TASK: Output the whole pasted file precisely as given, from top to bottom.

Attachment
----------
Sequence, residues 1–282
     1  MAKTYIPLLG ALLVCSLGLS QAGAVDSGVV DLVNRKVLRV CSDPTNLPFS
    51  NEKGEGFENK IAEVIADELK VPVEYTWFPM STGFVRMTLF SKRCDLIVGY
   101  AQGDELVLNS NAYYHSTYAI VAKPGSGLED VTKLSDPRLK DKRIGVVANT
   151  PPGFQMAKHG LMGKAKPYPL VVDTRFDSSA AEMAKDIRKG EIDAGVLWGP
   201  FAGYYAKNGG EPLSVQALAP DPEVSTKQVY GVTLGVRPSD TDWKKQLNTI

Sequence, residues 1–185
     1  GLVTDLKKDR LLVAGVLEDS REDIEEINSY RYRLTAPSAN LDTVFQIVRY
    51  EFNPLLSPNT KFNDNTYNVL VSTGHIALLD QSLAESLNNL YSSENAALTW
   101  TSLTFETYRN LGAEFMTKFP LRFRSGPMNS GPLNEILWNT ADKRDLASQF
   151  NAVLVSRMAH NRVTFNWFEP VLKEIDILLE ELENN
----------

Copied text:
Sequence, residues 1–282
     1  MAKTYIPLLG ALLVCSLGLS QAGAVDSGVV DLVNRKVLRV CSDPTNLPFS
    51  NEKGEGFENK IAEVIADELK VPVEYTWFPM STGFVRMTLF SKRCDLIVGY
   101  AQGDELVLNS NAYYHSTYAI VAKPGSGLED VTKLSDPRLK DKRIGVVANT
   151  PPGFQMAKHG LMGKAKPYPL VVDTRFDSSA AEMAKDIRKG EIDAGVLWGP
   201  FAGYYAKNGG EPLSVQALAP DPEVSTKQVY GVTLGVRPSD TDWKKQLNTI

Sequence, residues 1–185
     1  GLVTDLKKDR LLVAGVLEDS REDIEEINSY RYRLTAPSAN LDTVFQIVRY
    51  EFNPLLSPNT KFNDNTYNVL VSTGHIALLD QSLAESLNNL YSSENAALTW
   101  TSLTFETYRN LGAEFMTKFP LRFRSGPMNS GPLNEILWNT ADKRDLASQF
   151  NAVLVSRMAH NRVTFNWFEP VLKEIDILLE ELENN